With three games remaining on the schedule, the Miami Hurricanes are in the drivers seat for an invitation to the Fiesta Bowl. Now, all Miami has to do is win.
The first of those three games takes place Thursday when the Pittsburgh Panthers come to the Orange Bowl. The Panthers enter the game as one of the Big East’s most improved squads, with an 8-2 record overall and an unblemished 5-0 record in the conference, putting them one half game ahead of Miami atop the standings. Included in that record are key conference wins against Virginia Tech and Boston College.
The Hurricanes have the advantage, however, of an extra five days off since the 26-3 victory at Tennessee. Ken Dorsey played mistake free football en route to 245 yards and a touchdown pass on 18 of 35 passing. Dorsey has taken a while to get on the same page with his receivers during the first half of most of this season’s games, but has been able to settle down and win games. However, he is facing a solid Pitt secondary that surrenders just 170 yards per game.
On the ground, sophomore Willis McGahee scored his 17th TD of the year against the Volunteers, tying him with Edgerrin James for the single season school record. McGahee, who has 1188 yards on the ground, as well as 388 receiving yards on the year, will almost certainly break that record. The question will be how successful McGahee will be finding holes against a solid Pitt front seven. The Panthers give up 114 yards per contest on average.
Meanwhile, another Hurricane looks to continue lurking closer to setting a school record. Junior wide receiver Andre Johnson’s TD catch against Tennessee gave him 17 for his career, putting him fifth in team history in that department. More importantly for Dorsey, eight receivers were able to haul in at least one pass, including tight end Kellen Winslow, who leads Miami with 37 receptions in the 2002 season.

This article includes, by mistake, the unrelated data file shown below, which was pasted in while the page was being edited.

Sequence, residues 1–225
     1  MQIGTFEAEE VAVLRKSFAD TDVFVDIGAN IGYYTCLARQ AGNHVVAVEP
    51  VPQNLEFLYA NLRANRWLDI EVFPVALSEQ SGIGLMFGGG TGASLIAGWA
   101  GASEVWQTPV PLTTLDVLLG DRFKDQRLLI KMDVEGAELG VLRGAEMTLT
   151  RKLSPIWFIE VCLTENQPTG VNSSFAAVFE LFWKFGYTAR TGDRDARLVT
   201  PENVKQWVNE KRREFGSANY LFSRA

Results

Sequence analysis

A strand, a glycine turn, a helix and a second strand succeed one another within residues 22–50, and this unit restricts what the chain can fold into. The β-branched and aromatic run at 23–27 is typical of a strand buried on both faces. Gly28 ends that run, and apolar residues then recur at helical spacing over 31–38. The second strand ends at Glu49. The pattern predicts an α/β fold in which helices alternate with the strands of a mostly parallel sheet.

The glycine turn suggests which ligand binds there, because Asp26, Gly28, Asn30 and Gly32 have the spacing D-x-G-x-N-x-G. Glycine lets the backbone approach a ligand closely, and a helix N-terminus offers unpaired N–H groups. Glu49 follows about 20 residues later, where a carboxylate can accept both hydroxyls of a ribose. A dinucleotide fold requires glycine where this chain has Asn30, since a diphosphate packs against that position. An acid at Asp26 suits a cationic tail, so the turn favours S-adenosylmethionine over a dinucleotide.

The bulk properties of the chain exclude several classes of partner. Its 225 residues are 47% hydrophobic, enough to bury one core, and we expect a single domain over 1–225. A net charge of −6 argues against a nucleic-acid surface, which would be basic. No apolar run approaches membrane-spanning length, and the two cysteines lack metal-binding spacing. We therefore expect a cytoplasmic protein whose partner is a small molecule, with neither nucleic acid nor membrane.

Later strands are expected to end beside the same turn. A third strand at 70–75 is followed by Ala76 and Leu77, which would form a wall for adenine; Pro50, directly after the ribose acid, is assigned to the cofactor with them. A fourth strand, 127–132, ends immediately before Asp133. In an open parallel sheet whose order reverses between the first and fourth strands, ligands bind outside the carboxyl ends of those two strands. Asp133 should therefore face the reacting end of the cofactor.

On defense, the Hurricanes’ run defense continued to show signs of significant improvement, despite giving up a 74-yard run to Cedric Houston on the second play of the Tennessee game. Against the Panthers, Miami faces feature back Brandon Miree, whose 588 yards on the season will not scare many teams. However, quarterback Rod Rutherford has shown an uncanny ability to use his feet, as the signal-caller has picked up 294 yards. Rutherford’s ability to run will likely be the most important thing for the Miami front seven to watch out for.
In addition, Rutherford’s significant improvement throwing the ball gives Miami one of their toughest tests at that position. Rutherford has completed 54 percent of his passes for 2198 yards and 17 touchdowns to 10 interceptions. The Miami secondary, arguably the best in the nation, will need to do a good job matching up against receivers Larry Fitzgerald and Lamar Slade. If those lanes are taken away, then the passing game should be a non-factor for the Panthers.
Perhaps the biggest bright spot for the ‘Canes was the reemergence of the special teams unit. Todd Sievers booted four field goals last Saturday and Freddie Capshaw had his best game of the season punting the football, averaging 42 yards a kick. In addition, the kick coverage continued to be excellent.
With Ohio State struggling to win games, most experts will agree that Miami is the most impressive all-around team at this point. The Hurricanes have shown an ability to run a balanced offense while employing the personnel good enough to have won a nation-best 31 straight victories. With dates remaining against an upstart but struggling Syracuse, and the season-finale against a Virginia Tech squad that has lost back-to-back contests, this might be Miami’s biggest test left on the schedule.
You can reach Jeremy Marks-Peltz at firstname.lastname@example.org.